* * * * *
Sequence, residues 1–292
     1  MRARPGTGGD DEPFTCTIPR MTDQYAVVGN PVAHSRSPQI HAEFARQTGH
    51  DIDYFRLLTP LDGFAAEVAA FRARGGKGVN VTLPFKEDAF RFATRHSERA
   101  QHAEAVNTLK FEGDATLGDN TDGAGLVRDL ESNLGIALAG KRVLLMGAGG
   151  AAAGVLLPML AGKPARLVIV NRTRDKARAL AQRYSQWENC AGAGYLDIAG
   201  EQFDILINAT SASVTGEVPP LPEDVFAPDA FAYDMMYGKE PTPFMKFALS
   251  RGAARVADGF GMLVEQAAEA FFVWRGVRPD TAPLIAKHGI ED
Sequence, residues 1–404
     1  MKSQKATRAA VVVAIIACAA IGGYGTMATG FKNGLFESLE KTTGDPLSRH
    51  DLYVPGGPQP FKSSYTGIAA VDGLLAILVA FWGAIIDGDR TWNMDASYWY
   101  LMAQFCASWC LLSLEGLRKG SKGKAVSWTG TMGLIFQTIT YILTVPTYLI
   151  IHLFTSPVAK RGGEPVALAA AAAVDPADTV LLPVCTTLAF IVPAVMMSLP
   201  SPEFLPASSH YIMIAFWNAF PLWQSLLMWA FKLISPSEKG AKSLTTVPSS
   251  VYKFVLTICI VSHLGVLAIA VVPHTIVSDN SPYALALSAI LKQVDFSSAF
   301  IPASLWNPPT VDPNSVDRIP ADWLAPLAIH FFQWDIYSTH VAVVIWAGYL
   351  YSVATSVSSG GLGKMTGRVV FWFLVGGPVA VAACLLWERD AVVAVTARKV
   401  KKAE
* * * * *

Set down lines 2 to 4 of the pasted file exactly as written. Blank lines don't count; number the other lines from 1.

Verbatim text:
     1  MRARPGTGGD DEPFTCTIPR MTDQYAVVGN PVAHSRSPQI HAEFARQTGH
    51  DIDYFRLLTP LDGFAAEVAA FRARGGKGVN VTLPFKEDAF RFATRHSERA
   101  QHAEAVNTLK FEGDATLGDN TDGAGLVRDL ESNLGIALAG KRVLLMGAGG